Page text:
Humboldt County, CA - Signs dotting Northern California's stretch of Highway 101 declare the scenic passage the "Redwood Highway," named for ancient redwoods that tower over its flanks. Passing through Humboldt Redwoods State Park, which contains one of the largest remaining contiguous stands of ancient coast redwoods in the world, lengths of the famous thoroughfare are just a stone's throw to ancient forest owned by Maxxam/Pacific Lumber - redwoods they hope to cut down in the coming weeks. |
The 65-acre Timber Harvest Plan (1-04-220 HUM) is habitat for the endangered marbled murrelet and contains many giant redwoods, including some over 10 feet in diameter. The plan, and its close proximity to the park, has drawn criticism from the Department of Parks and Recreation (DPR), who sent a dissenting letter of Non-Concurrence to the California Department of Forestry (CDF). The denuded hillside would create a visual blight to passengers on Hwy 101, as well as those on Avenue of the Giants within the State Park. In this location, the "removal of residual old growth redwoods cannot be visually mitigated."
DPR also cited a "procedural oversight" in which they were excluded from an inspection that evaluated visual impacts of the harvest area. It was only through a personal communication with a CDF staff forester and related documents that DPR learned of the inspection.
Humboldt Redwoods State Park has suffered environmental damage in recent years, including giant redwoods that toppled when erosion from upstream logging undercut the banks of Bear Creek. Bear Creek lies just a quarter mile from the proposed harvest area.
The local branch of CDF has recommended the plan for approval, stating, "No significant unmitigated cumulative effects are likely to occur."
Further criticism of the logging plan came from the Regional Water Quality Control Board. After reviewing the proposed logging plan, and the "impaired condition of the water courses" in the plan area, the Water Board "determined that additional protection is warranted" to comply with water protection laws. CDF's "recommendation for plan approval does not provide adequate protection for the beneficial uses of water, the resource for which the Regional Water Board staff has the responsibility and expertise to protect."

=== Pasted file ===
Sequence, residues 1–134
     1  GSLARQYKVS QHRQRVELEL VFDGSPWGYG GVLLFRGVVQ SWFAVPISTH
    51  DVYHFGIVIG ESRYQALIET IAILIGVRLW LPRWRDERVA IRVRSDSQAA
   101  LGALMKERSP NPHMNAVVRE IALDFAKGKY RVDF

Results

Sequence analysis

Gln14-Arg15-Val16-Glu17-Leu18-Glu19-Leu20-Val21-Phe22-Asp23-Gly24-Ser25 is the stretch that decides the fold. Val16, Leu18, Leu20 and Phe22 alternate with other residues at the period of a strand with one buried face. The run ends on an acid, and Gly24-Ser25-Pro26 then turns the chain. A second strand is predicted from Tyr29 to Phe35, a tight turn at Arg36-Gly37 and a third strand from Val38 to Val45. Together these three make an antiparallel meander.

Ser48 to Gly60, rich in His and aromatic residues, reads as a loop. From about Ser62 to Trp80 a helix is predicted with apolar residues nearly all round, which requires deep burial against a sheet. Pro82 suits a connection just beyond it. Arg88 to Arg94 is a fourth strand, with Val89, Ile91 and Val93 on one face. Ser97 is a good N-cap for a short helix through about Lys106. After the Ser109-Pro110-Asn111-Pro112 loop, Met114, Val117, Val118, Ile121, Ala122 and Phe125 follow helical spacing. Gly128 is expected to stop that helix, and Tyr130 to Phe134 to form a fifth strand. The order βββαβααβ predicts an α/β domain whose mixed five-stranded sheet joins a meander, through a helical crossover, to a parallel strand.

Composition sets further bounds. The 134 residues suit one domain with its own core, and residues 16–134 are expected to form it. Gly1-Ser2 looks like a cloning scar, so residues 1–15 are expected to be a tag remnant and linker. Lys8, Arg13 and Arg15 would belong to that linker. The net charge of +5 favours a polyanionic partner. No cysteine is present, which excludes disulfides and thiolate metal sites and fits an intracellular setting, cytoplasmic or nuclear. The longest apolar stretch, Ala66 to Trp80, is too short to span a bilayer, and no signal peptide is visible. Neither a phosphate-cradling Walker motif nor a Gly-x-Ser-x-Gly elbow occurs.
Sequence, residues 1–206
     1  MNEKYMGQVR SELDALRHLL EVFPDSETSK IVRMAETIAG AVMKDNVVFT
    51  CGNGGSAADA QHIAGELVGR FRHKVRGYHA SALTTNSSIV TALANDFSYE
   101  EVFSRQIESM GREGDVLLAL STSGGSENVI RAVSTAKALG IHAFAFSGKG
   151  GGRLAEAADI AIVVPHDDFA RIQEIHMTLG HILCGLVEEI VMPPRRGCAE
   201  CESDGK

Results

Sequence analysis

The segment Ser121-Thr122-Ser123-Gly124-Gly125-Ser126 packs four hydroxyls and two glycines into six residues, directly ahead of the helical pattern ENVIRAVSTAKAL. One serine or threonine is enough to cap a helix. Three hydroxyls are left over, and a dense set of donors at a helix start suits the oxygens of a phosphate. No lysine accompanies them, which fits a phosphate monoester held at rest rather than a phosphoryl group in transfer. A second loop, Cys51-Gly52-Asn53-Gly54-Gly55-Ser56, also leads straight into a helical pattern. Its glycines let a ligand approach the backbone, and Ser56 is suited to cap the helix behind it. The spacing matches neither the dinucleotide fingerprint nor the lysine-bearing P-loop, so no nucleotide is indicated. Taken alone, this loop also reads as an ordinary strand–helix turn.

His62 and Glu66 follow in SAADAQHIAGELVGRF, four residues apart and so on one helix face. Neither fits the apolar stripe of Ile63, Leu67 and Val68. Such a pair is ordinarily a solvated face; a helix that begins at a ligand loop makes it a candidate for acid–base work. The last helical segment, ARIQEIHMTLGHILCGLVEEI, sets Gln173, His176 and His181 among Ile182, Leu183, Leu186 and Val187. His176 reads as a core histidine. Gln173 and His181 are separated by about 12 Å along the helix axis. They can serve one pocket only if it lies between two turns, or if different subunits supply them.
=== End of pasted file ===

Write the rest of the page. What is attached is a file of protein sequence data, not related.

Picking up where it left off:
Approval of the plan would expose visitors to Humboldt Redwoods State Park to the noise pollution of a full-scale industrial logging operation of ancient redwood forest. The explosive sound of a 1,500 year-old tree hitting the ground would damper a peaceful autumn hike through the woods. The resulting aftermath will severely affect both beauty and health of protected forest in the park.
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The deadline for public comment is midnight on November 5. Feel free to use and/or edit this sample letter below. Send public comments by snail mail or email.
California Department of Forestry
Attn: Forest Practice
135 Ridgeway Avenue
Santa Rosa, CA95401
THP 1-04-220 HUM
To who it may concern,
THP 04-220 must not be approved, as it will contribute significant adverse cumulative effects. The proposed mitigation in the THP is not sufficient to evaluate or meaningfully address these cumulative impacts.
The Eel River is severely impacted by previous harvest operations and is subsequently listed by the EPA as an impaired Watershed. The Eel River provides many beneficial uses that are protected with conservation laws. This protection must be upheld by the reviewing agencies, including CDF, that have a responsibility to asses potential damages to these beneficial uses.
Previously harvested plans adjacent to the proposed THP area will escalate the cumulative adverse impacts and would hinder the recovery of the already impaired watershed.
The THP proposes 3,400 feet of new road construction on a steep ridgeline that drains toward watercourses. This would only add to the already significant cumulative effects of sediment discharge into the Eel River.
According to the Regional Water Quality Control Board, this plan is not in compliance with the Basin Plan. It must be brought into compliance with these standards before approval can be considered.
This Plan is located in an already significantly impaired watershed where harvesting steep areas within close proximity of the riparian area is inappropriate. The sediment generated from such a plan will have a negative effect on water quality in general and will commit trespass of sediment damaging and degrading downstream property including Humboldt Redwoods State Park.
I do not agree with Fortuna CDF's recommendation for approval and the accompanying statement that "no significant unmitigated cumulative effects are likely to occur" as a result of this THP.
Humboldt Redwoods State Park protects one of the largest remaining contiguous stand of Old Growth Coast Redwoods and its preservation is valued by citizens the world wide. Execution of this THP will visually and environmentally degrade Humboldt Redwoods State Park, damages for which the park and is visitors will not be compensated. The benefits gained by the county from tourism will be diminished, and simultaneously the county would be stuck with the bill for any potential catastrophes (i.e. the Stafford landslide, only four miles Northwest of the proposed THP).
The proposed plan is of great concern due to its location on a steep (up to 100% slope) hillside that exhibits unstable geologic features above US Highway 101. The close proximity of the plan creates health and safety concerns for motorists traveling the highway below.
Please include this comment in the official file for THP 1-04-220 HUM.
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